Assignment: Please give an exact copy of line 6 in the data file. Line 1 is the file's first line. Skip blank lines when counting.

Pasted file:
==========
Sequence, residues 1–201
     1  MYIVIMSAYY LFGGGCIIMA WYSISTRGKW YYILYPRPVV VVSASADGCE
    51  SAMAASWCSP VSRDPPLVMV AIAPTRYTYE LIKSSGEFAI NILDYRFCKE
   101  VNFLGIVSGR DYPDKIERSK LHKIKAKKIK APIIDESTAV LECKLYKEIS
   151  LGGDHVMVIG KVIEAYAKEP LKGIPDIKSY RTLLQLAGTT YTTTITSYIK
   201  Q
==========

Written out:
   201  Q